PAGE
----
Hough, Reverend George (1787 - 1867)

Born: England (Gloucester)

Colonial Chaplain of Cape Town from 1817.


Career Highlights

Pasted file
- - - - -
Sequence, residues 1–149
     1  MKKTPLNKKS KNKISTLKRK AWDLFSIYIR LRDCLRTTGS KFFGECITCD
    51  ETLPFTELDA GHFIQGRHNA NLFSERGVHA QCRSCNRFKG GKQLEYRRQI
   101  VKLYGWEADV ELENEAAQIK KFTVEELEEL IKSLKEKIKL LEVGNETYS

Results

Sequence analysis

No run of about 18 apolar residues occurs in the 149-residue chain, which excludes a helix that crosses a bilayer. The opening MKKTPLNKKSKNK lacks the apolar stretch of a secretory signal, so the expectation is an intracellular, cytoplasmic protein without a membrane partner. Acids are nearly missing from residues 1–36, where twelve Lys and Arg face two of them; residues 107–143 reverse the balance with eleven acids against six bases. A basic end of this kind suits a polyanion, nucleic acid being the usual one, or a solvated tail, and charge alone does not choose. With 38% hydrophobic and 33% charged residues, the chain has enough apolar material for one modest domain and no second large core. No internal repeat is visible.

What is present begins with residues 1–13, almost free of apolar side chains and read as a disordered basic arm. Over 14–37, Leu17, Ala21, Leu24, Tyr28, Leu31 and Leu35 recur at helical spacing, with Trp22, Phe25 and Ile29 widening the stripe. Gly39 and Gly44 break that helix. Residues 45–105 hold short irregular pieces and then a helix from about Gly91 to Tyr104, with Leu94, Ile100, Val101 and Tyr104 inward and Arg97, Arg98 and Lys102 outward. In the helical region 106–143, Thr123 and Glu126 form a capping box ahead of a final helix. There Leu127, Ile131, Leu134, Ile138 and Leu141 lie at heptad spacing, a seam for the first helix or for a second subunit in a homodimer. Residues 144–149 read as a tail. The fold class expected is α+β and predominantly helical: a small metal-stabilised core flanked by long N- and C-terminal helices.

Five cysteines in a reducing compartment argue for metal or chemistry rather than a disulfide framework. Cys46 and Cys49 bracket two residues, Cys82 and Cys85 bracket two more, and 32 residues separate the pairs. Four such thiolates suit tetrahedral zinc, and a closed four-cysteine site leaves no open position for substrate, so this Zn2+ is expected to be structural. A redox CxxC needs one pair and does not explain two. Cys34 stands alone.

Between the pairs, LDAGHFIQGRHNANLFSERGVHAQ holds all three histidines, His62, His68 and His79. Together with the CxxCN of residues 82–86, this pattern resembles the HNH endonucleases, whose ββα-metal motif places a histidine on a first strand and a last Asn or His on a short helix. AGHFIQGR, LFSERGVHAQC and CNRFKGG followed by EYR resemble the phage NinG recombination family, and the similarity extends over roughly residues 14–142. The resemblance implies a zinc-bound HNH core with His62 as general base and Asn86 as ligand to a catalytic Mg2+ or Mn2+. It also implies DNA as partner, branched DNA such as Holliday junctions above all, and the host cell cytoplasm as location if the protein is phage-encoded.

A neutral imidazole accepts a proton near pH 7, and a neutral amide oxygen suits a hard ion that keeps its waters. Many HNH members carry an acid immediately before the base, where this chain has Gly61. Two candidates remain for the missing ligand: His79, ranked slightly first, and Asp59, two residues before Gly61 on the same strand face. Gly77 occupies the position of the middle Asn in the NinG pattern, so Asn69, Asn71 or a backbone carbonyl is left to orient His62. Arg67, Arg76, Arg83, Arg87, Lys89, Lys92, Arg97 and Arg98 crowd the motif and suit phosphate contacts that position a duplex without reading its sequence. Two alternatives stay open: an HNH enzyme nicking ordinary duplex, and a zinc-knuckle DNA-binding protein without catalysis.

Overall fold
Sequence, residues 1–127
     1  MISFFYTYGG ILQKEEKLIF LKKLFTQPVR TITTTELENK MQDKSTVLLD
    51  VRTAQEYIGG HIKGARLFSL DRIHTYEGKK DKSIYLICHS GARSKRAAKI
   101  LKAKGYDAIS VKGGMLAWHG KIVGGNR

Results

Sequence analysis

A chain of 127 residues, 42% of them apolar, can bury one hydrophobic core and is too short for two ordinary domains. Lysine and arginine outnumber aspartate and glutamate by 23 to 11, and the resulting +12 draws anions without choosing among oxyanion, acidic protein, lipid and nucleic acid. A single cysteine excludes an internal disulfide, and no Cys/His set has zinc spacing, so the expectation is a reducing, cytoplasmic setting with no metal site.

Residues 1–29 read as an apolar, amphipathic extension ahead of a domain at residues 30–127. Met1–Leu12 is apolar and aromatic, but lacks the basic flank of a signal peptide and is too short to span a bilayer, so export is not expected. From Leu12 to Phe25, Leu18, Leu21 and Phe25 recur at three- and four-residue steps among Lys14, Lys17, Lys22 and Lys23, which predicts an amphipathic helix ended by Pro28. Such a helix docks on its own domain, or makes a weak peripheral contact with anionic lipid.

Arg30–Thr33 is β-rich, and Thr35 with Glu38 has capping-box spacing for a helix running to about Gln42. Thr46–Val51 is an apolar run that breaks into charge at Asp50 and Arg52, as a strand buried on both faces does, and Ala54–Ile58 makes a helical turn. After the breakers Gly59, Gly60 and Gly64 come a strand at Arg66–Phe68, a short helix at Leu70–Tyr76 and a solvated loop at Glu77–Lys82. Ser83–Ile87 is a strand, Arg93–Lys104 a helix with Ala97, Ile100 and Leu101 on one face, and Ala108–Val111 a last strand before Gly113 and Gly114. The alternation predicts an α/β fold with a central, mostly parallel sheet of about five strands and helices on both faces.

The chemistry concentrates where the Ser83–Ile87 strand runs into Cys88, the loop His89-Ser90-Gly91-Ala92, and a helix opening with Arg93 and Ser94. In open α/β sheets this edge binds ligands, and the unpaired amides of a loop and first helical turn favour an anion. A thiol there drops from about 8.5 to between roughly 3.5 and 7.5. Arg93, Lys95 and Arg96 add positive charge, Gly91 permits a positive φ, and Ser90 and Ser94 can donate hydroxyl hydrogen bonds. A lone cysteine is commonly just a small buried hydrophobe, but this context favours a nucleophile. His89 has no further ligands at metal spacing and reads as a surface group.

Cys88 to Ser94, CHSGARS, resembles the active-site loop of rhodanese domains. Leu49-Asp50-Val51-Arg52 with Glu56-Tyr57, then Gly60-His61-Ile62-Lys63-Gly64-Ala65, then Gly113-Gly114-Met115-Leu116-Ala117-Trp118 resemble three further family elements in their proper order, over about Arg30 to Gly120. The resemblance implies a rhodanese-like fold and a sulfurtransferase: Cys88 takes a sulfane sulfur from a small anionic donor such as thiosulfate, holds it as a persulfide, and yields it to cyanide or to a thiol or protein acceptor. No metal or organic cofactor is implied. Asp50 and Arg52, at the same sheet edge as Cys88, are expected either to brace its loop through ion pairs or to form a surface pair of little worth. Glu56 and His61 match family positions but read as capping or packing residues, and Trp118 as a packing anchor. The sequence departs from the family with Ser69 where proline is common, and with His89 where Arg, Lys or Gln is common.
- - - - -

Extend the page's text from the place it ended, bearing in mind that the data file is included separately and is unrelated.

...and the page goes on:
Hough was born 25 August 1787, the son of John James Hough, bookseller, stationer and freeman in the city of Gloucester. Ordained Priest by the Bishop of Oxford in 1812, Hough was Curate of St. Peter’s in the diocese of Oxford in 1812-1813, before moving to the Cape Colony in 1813. Originally appointed Colonial Chaplain of Simon’s Town, he was relocated to Cape Town in 1817 and served as Colonial Chaplain there until leaving the colony in 1846. Among his many offices and appointments, Hough was President of the Church of England Prayer Book and Tract Society (afterwards Society for Promoting Christian Knowledge), founded in 1824. He was also involved in the establishment of the South African College and sat as a Government representative on the College Council from 1834-1839. He was a committee member of the South African Infirmary Fund and the Philanthropic Society for aiding deserving slaves and slave children to purchase their freedom. On returning to England, Hough was Rector of Yelford, in the diocese of Oxford, until his death on 1 August 1867. Reginald Langham-Carter notes that “He was described in 1843 as ‘a respectable High-church clergyman’ but actually he was, by most reckonings, a middle man and, as is often the way with people of moderate views, he gave no satisfaction to the extremists, whether high or low. One of the latter conceded that ‘he reads the service with great distinction and dignity’ but added: ‘his preaching, however, is uncertain and often unsound”’.